My Filmmaking Laws…
For the last eleven years we, at Berry Productions, have been making films of various subjects, lengths and success. Starting out with short, slapstick, silent comedies starring just ourselves, to our most recent film ‘Wonderful’, which has professional actors, lighting, sound, costume, make-up and all the fancy bells and whistles that come it.
Although our films and our skills have progressed, some things always remain the same. I like to think of it as my own Filmmaking Laws. Like the laws of physics, they cannot be changed. Some things are just meant to be.
So here they are. My Filmmaking Laws (as they currently stand – for new laws are added all of the time!)
If it can go wrong, it will go wrong!
Prepare for the worst… but hope for the best! No matter how much planning you do beforehand, no matter how many people with the highest possible skills you have on-board, it is inevitable that something will go wrong. These are things that are usually beyond your control.
Someone is sick so can’t make it. A vital piece of equipment will suddenly stop working. That location that you had until midnight, is suddenly closing at eight. It pisses it down with rain.
You cannot change any of these things. If they happen, they happen. You need to find a way to work around it and do the best you can. Problems occur. It’s how you deal with them that make you a genius!
There’s no I in Team.
It’s a group effort.
Everyone has great ideas to bring to the table. Be it the sound person having ideas for interesting shots, or an actor expressing thoughts about how their character should move or react. You might not agree with them, and it might not work for what you want in the film, but you still have to take their ideas into consideration, be happy that they had the idea, and let them know nicely why it wouldn’t work. On the other hand their idea might blow your mind and you snap it up in an instant.
And remember that no one on set is better than anyone else. This should be the same in all lines of work. Equality and respect. Peace and love guys. Peace and love.
That Damned First Shot!
One thing we’ve noticed on every film set – the first shot of the day takes the longest to set up! Of course it does. Your actors are warming up, you’re trying to get the right camera angles and light the location. Be prepared for this. It eats up time that you may not have, but you can’t rush it. Once you have that perfect first shot, the rest start to come a little easier. But not too easy… that would be far too… well… easy!
Food + Drink = Happiness.
Film shoots are long and can often be quite boring as there can be a lot of waiting around. There’s nothing that can be done to speed up those long days, but there are ways to make them a bit more bearable. Food and drink are perfect distractions!
Tea, coffee, biscuits, crisps, fizzy pop… anything that isn’t really that good for you will be your best friends on a film set. Breaks are needed, people need to refuel, everyone works better on a full stomach. Don’t forget dinner and lunches as well. Even if it’s just a few sandwiches, people will appreciate it and therefore go the extra mile to help you out.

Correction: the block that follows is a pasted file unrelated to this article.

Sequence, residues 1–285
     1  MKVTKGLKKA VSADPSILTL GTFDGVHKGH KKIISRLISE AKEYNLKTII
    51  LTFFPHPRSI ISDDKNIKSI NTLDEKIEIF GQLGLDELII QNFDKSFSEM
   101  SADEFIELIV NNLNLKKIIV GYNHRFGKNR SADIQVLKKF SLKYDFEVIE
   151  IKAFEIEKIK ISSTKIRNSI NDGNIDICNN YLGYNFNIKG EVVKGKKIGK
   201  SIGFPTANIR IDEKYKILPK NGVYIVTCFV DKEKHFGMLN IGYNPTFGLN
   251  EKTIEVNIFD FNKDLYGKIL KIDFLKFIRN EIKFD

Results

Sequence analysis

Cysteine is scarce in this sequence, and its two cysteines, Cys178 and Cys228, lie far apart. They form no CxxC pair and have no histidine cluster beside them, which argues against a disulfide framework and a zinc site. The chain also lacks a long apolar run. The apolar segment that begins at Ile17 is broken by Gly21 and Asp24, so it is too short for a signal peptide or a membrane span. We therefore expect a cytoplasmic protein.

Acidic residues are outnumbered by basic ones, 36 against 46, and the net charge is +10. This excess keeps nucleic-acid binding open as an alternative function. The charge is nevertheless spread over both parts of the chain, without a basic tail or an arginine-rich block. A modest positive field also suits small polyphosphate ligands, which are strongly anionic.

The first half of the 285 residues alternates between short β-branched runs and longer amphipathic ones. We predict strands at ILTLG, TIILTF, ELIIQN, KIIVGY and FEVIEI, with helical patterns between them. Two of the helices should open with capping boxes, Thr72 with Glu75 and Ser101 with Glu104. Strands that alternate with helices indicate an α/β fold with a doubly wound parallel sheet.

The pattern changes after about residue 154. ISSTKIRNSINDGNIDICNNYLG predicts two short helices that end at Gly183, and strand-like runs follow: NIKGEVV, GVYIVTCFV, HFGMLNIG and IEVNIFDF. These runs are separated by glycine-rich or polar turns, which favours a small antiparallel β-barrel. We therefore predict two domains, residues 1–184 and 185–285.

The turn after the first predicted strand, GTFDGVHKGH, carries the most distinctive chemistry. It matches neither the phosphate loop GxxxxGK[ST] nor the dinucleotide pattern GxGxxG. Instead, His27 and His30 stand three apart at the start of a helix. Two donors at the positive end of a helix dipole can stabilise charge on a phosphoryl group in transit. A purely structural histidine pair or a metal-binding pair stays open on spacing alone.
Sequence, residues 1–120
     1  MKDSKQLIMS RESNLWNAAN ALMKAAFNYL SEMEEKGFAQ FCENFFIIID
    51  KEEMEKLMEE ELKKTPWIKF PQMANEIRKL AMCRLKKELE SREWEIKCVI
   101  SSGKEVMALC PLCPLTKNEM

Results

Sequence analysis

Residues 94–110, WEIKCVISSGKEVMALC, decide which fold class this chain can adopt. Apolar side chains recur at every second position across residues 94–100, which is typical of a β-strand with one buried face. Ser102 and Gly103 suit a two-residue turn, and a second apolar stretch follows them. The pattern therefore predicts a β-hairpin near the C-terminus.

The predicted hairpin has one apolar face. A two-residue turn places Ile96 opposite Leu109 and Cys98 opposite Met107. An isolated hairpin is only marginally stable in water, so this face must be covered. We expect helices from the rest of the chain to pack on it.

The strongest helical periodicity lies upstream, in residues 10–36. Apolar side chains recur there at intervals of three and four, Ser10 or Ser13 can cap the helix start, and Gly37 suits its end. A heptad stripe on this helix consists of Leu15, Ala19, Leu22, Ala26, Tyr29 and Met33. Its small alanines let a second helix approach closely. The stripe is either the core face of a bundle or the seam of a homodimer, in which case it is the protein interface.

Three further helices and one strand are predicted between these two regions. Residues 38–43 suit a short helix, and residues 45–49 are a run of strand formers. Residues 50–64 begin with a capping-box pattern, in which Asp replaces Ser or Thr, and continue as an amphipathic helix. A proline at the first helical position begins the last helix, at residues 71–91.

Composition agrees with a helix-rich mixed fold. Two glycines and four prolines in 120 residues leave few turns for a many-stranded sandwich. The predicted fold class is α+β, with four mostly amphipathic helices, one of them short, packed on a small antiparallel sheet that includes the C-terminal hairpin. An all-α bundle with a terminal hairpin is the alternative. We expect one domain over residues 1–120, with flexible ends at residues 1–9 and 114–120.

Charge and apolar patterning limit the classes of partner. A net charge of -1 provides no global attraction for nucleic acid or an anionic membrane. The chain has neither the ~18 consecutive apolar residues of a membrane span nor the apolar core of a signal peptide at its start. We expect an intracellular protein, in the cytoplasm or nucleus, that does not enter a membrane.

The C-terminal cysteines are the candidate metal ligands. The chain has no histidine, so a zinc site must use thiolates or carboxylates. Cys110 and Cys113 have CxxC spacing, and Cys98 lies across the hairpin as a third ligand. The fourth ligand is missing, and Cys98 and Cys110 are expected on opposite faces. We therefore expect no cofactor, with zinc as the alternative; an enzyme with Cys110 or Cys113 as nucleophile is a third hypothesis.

People are very interested in what you’re doing.
I’m not talking friends. Usually friends couldn’t give two blue monkeys that you’re making another film and shouting about it on Facebook. It’s strangers who will be intrigued.
Most people never come across a film being made, so be ready to answer people’s curiosities when they stumble upon you in the middle of the woods with a group of actors wearing robot costumes.
Your edit will always go over your desired film time.
Making a ten minute short? Your first edit will be a twenty minute masterpiece. We always go by the general rule of one page of script = one minute of film. However, when you start adding action into the scenes, this always changes.
The big question is, do you allow your film to be as long as it tells you it is, or do you tell it how long it has to be. It is very tricky to cut things out of your film, sacrificing that brilliant shot, or that section of oscar-worthy dialogue. But sometimes it is necessary. Look back at your scenes. Anything that isn’t 100% vital to the story you are telling? Maybe it’s time to get rid.
We had this problem when we allowed our 25 minute horror film ‘The Field’ run over to 45 mins. As great as it turned out, we had trouble with many film festivals as it was too long for their scheduling.
You’ve made your film. It is the best thing you have ever seen. Your mum loves it. Yet no bugger is accepting it in any festivals. “Why?” you scream at the heavens, “whyyyy?!?”
Unless you have made something so brilliant that people cannot possible turn it away, or you have jedi mind control, your film will get rejected by someone. It might be that the film doesn’t fit into the festivals criteria that year, or that there is a lot of competition. Or it might just be shit.
No matter what the reason, try not to let it get to you. Shrug it off and move on. Try the next festival and the one after that. If no one wants it, go and make another film and make it even better than the last. Just don’t let it put you off altogether. At least your mum loves it.
Someone will make the ‘porno’ joke.
“What is it you do?”
“Oh I make films.”
Cue predictable blue movie joke. Grin, maybe even chuckle, move on.
I have an auntie who makes the joke every single time she sees me. Admittedly, she’s a bit weird, but she isn’t the only person to ever say that to me. These days I just respond with, “Yes… and I’m looking for actors. Fancy it?”
Needless to say, my auntie probably finds me a bit weird too…
So there you are, just some of my filmmaking laws! Of course there are many more. Any you can think of, pop them in the comments and they too could become part of my law!
Written by Joseph Monahan – writer/director at Berry Productions
Download Joe’s comedy sci-fi book, Intergalactic Terrorist.